Dayton stands by staff after lack of post-surgery updates

Dayton has been at the Mayo Clinic since mid-October after complications

Sloane Martin
November 20, 2018 - 1:06 pm

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Weeks after back surgery at the Mayo Clinic resulted in damage to his lungs, Governor Mark Dayton spoke to reporters about his condition and recovery.

The 71-year-old governor provided an update via conference call for a first time after complications from two spinal surgeries more than a month ago left him recovering at the Mayo Clinic. Dayton says he's going back to the residence Wednesday ahead of Thanksgiving. 

Reporters asked him about a seeming lack of transparency about his condition post-surgery. Nearly-daily schedule reports from his communications office reported he was meeting with commissioners and staff and those meetings were closed to media, but did not disclose that he was still hospitalized in Rochester or that his medical condition has worsened with the complications. Dayton says the public is entitled to know some of his medical information, but the ordeal had no effect on his cognition or ability to communicate with staff.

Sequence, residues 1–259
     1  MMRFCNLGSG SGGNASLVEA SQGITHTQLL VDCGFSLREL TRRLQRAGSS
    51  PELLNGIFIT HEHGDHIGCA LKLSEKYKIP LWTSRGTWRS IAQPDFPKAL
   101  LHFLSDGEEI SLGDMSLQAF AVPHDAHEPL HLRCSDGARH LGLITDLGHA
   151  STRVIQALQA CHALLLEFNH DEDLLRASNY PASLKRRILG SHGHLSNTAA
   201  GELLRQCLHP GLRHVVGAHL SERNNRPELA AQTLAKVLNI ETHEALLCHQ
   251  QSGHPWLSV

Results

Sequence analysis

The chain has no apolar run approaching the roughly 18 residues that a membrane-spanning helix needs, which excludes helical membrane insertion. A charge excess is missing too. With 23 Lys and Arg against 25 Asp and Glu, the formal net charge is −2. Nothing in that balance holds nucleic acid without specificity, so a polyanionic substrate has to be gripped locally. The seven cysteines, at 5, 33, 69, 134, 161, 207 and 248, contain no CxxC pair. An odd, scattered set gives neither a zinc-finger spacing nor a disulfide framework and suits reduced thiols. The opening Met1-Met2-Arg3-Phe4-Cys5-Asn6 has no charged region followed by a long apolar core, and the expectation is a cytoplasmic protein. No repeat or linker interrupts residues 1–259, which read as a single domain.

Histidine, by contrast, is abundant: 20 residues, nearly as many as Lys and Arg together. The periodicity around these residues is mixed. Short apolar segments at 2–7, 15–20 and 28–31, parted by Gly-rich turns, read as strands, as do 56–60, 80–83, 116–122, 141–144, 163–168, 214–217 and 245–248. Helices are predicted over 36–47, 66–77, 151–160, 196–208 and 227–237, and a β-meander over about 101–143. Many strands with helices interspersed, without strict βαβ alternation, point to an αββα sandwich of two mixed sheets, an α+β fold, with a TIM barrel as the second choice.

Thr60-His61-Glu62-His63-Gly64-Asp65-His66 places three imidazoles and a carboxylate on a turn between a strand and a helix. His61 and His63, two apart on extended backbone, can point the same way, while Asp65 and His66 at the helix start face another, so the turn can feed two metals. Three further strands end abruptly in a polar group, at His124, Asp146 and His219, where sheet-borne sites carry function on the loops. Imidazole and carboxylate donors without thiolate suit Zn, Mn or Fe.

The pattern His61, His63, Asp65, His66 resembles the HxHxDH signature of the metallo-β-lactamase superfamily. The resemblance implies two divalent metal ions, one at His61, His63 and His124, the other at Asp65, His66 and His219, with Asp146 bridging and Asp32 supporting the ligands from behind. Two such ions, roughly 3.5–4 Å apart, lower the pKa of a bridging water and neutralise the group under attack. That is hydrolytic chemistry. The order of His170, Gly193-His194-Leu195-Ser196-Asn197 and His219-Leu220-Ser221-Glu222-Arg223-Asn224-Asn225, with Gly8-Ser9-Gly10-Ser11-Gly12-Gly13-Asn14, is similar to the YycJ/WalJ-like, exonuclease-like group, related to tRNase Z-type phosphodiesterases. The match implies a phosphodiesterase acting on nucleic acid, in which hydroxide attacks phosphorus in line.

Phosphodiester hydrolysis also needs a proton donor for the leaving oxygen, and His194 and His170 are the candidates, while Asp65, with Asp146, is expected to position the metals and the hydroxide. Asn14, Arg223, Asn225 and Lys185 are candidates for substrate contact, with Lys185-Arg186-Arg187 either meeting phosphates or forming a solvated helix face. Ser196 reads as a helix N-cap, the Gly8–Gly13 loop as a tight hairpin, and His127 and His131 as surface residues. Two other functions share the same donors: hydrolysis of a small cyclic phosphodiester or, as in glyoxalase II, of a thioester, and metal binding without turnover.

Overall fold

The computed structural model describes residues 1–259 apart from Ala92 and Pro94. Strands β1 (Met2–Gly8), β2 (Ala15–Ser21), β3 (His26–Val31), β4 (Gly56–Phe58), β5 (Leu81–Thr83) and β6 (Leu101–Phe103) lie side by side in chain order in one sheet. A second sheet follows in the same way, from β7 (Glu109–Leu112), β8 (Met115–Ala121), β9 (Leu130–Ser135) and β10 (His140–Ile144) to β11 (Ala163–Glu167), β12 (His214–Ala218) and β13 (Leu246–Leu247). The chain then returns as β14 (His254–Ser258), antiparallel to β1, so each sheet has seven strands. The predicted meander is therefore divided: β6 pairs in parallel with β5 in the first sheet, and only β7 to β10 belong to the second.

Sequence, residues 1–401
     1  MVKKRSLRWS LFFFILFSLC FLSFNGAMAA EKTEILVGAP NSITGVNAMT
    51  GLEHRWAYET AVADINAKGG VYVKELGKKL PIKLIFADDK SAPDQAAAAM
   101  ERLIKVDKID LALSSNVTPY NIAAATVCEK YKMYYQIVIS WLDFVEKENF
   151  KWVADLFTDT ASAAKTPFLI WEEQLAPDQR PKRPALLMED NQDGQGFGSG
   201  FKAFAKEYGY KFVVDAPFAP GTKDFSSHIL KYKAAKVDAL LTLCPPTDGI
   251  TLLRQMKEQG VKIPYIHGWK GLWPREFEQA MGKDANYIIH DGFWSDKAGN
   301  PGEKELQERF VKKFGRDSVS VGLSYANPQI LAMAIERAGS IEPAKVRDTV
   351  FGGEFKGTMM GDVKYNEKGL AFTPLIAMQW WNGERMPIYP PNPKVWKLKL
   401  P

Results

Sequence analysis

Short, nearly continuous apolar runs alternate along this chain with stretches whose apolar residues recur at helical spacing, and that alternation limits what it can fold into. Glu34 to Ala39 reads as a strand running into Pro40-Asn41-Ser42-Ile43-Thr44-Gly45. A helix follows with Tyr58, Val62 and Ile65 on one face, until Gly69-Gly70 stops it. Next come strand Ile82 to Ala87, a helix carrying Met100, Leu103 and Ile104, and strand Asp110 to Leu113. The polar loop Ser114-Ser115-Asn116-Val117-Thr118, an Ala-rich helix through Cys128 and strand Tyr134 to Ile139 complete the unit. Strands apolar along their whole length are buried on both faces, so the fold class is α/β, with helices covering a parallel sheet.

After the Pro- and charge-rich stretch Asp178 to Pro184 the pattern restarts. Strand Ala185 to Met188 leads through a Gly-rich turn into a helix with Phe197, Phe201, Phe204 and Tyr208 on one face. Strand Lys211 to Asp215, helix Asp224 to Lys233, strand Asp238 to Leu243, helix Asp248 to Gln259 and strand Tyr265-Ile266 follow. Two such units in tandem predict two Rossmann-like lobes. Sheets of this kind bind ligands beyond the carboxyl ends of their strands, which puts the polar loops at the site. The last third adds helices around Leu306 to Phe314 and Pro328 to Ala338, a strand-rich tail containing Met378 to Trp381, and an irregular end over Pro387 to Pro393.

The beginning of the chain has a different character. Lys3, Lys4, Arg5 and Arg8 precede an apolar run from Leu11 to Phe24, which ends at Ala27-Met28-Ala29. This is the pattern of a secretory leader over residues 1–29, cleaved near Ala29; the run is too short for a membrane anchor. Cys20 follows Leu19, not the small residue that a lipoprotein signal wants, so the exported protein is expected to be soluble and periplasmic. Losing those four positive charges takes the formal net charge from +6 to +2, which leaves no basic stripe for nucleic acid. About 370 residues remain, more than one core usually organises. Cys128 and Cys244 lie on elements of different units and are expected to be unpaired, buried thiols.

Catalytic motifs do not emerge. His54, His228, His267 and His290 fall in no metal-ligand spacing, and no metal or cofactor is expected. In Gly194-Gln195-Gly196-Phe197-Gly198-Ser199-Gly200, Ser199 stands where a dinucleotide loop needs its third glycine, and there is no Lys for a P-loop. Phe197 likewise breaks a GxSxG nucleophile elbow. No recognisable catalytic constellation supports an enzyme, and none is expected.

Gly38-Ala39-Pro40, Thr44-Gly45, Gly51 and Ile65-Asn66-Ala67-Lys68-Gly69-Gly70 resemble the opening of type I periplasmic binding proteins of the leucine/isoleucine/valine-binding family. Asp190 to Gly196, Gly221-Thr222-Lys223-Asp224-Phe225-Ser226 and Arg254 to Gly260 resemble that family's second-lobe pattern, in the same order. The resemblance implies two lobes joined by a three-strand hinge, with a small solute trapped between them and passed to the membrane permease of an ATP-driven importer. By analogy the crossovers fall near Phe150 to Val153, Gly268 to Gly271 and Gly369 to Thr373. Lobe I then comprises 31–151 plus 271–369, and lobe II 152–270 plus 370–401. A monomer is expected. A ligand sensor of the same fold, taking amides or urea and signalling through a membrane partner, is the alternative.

"I had a briefing on the economic forecast via phone," he said. "I had a number of phone conference calls with staff and commissioners as well emails and memos, so really I have to say, other than face-to-face meetings and particularly meetings with constituents, which I regret not being able to do, and not being able to pardon the turkey and Halloween, which is always one of my favorite events — other than those restrictions, there really hasn't been any functional difference on how I've operated here versus being at the residence."

Dayton says he's back to functioning without the aid of oxygen and is looking forward to spending time with his grandsons and dogs on Thanksgiving. His rehab and physical therapy has included 15 to 20 minutes on an exercise bike and he's confident his lung capacity will get back to what it was, but that's not guaranteed. He says doctors aren't certain what led to the lung damage.

"The severity of my damage medically, I think it was moderate, but not severe," he said. "They don't know for sure if any of it is permanent. Most of it recoverable."

Dayton says he and Walz have spoken briefly twice, but he expects to have a face-to-face meeting at the residence soon. He says he has complete confidence on Walz's ability as a "savvy leader."

Dayton is wrapping up his second and final term before Walz is sworn in in January.